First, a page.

According to these clinical and radiological findings, the diagnosis of a transethmoidal meningoencephalocele was retained. After discussion with the patient, the decision of a combined otorhinolaryngology and neurosurgery management was made.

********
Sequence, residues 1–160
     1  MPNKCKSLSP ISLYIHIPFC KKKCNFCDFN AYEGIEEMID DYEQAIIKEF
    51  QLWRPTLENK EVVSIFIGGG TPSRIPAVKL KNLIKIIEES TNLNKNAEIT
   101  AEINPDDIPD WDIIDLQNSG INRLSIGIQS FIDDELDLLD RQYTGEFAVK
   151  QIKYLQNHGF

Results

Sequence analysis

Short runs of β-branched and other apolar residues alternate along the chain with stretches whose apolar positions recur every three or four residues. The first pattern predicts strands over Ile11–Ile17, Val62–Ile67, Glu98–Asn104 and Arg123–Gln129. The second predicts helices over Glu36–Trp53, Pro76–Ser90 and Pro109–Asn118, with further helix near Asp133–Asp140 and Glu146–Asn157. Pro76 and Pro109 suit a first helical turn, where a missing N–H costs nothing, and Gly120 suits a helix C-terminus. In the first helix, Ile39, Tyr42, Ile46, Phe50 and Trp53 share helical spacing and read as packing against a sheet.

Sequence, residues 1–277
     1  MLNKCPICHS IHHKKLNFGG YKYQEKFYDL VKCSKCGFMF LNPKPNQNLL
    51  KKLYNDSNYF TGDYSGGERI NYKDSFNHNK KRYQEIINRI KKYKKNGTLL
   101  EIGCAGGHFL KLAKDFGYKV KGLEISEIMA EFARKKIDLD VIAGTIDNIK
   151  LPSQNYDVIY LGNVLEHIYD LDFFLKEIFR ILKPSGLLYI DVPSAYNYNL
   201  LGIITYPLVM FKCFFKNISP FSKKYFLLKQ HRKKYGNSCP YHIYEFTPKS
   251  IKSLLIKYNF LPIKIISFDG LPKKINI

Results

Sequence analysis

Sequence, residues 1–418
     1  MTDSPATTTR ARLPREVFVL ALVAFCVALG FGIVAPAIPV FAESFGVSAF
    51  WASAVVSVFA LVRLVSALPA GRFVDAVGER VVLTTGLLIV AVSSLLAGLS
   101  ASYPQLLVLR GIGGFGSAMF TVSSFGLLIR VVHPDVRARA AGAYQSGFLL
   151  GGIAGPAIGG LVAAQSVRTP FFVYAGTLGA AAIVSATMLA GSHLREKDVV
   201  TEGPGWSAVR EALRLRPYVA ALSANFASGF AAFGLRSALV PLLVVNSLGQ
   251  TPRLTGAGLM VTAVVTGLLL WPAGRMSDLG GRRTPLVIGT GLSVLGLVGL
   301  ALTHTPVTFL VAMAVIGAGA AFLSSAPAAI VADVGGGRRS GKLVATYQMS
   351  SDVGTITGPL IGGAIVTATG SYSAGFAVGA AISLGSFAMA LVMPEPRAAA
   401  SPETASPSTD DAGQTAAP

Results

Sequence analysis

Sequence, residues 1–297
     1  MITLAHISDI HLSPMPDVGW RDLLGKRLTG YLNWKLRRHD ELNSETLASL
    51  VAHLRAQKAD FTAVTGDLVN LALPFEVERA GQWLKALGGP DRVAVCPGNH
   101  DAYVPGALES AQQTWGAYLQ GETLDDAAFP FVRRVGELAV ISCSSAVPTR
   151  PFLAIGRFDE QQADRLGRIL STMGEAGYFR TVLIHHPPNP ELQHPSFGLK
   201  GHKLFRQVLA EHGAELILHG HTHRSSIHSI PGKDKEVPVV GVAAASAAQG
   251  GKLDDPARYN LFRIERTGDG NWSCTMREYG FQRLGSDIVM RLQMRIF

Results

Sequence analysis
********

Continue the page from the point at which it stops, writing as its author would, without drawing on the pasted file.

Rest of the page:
The surgical exploration and management was performed under general anaesthesia by a transnasal endoscopic approach using a three-dimensional image-guided navigation system (fusion ENT Navigation, Medtronic- Switzerland) with different types of nasal optics 0°, 30° and 45° (Karl Storz Endoscopy-Germany). A fat graft was harvested from the periumbilical area and a temporalis fascia graft was harvested from the postero-superior auricular region on the right side. The nasal cavity was prepared by topical application of vasoconstriction solution with local anaesthesia. An incision was made at the level of the head and the inferior border of the middle turbinate on the right side, the mucosa of the lateral surface of the middle turbinate was shaved using a microdebrider and the turbinate’s bone was partially resected with a total conservation of the upper insertion. An anterior right-sided ethmoidectomy was performed and the localisation of the meningoencephalocele in the anterior ethmoide cells was identified using the navigation-guided system (figure 1C,F). The neurosurgery team carried out the excision of the transethmoidal meninigoencephalocele using a bipolar electrical cauterisation and cold instruments to achieve a complete resection of the cerebral tissue forming the lesion. The bony defect on the anterior ethmoidal skull base was closed in three layers. The fat grafts was applied on the deep plane, then followed by the temporalis fascia graft on the middle plane and both grafts were fixed with tissue glue. A flap of the residual mucosa of the right-sided middle turbinate was rotated laterally and up into the skull base defect and used as the third and superficial layer of reconstruction, which was fixed by using a tissue glue (figure 2A–D). The right nasal cavity was then filled with rebsorbable packing.